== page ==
Thunderstorms are not only spectacular weather events. They also have a great influence on atmospheric chemistry and climate. In a lightning channel, substantial amounts of nitrogen oxides (NO) are formed from nitrogen and oxygen. However, it was still an open question how much nitrogen oxide is generated. Researchers of the DLR Institute of Atmospheric Physics (IPA) now achieved a surprising result: tropical thunderstorms produce less nitrogen oxides than expected.
In the last years severe tropical thunderstorms have been investigated during numerous missions with research aircraft and lightning detection systems on four continents. These missions resulted in fundamentally new and unexpected findings about the processes in extreme thunderstorm clouds. Although the number of flashes in tropical thunderstorms is very high, the flashes do not produce the expected amount of nitrogen oxides. Detailed investigations revealed that not only the number of lightning flashes is of importance, but also their length: tropical thunderstorms produce especially short flashes. The recently published results of the IPA scientists were meanwhile also confirmed by NASA scientists.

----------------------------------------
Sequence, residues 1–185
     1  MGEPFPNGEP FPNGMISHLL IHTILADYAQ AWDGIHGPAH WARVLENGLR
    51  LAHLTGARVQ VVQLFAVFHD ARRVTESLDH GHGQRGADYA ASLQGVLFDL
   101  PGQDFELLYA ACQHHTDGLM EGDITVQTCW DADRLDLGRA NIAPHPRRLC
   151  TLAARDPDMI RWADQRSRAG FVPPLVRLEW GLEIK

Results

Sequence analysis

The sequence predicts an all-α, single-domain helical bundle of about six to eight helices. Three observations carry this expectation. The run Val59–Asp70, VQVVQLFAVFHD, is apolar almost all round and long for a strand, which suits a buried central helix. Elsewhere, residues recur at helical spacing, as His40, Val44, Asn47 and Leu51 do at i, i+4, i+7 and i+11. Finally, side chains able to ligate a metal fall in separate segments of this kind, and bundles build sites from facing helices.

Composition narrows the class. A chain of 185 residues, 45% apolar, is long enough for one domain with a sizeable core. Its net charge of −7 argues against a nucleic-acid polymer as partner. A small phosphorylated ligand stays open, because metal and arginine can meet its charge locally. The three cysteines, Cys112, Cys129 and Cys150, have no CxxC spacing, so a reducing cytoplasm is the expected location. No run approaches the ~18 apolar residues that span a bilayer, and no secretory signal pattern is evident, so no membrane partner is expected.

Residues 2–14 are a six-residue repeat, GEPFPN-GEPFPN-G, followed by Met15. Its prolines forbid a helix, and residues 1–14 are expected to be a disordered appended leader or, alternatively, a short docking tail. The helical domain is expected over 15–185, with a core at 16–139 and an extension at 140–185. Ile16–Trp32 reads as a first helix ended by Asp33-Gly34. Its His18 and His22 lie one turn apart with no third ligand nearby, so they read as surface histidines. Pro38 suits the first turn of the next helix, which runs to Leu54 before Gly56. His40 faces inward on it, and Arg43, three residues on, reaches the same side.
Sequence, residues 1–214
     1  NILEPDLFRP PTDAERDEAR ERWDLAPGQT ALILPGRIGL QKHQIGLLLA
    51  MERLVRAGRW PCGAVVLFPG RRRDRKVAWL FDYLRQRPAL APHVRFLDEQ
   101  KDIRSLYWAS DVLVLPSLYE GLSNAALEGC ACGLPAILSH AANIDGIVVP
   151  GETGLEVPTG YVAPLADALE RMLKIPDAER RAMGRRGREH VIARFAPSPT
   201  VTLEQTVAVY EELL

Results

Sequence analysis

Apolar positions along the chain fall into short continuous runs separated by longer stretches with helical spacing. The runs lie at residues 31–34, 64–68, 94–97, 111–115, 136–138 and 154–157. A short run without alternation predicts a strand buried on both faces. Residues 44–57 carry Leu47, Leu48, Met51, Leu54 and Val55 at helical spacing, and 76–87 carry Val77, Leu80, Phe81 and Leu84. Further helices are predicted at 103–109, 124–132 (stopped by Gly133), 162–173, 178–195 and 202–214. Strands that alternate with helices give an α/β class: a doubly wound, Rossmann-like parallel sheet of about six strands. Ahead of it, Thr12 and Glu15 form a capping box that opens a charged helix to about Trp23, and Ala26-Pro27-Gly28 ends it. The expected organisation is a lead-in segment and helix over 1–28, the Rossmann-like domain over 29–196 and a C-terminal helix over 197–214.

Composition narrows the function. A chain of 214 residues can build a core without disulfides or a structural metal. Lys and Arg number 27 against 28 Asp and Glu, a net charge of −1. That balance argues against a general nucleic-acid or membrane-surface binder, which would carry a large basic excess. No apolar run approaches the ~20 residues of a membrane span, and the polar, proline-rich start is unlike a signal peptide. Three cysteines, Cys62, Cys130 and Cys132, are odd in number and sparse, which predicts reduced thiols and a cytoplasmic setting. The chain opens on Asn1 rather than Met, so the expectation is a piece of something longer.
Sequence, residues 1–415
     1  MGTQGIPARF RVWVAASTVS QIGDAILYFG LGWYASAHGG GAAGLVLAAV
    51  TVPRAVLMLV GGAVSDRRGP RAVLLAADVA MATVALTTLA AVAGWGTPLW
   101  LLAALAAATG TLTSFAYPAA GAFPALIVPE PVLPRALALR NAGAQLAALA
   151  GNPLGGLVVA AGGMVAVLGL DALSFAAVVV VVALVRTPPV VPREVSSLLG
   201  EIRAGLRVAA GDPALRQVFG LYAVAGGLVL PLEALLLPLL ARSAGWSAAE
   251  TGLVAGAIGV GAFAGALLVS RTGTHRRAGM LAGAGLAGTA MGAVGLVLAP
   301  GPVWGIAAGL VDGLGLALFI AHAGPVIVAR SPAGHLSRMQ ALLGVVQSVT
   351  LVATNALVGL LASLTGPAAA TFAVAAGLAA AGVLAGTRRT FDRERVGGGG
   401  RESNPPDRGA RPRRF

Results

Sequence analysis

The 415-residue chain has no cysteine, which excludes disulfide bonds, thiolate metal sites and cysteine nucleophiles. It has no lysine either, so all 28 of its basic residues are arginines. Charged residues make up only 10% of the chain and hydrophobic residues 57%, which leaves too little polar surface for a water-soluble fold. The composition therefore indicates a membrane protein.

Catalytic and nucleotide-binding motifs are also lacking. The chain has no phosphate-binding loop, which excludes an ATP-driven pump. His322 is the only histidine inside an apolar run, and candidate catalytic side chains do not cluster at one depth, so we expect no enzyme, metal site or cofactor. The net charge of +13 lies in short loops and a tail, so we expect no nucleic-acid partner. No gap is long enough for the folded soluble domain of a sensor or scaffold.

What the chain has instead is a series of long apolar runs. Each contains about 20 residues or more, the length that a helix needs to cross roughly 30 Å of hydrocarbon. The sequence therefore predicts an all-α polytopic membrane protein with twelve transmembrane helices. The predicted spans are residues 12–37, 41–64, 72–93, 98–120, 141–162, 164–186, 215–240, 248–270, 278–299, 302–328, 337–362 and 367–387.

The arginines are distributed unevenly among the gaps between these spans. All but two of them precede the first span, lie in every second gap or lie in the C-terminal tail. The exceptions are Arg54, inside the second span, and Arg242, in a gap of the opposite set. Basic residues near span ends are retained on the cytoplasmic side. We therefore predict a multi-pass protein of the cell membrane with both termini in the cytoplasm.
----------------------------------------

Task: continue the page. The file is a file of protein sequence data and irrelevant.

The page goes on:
Dr.rer.nat. Heidi Huntrieser and Prof. Dr. Ulrich Schumann Deutsches Zentrum für Luft- und Raumfahrt (DLR)Institut für Physik der Atmosphäre, Atmosphärische Spurenstoffe Tel.: +49 8153 28-2514 Fax: +49 8153 28-1841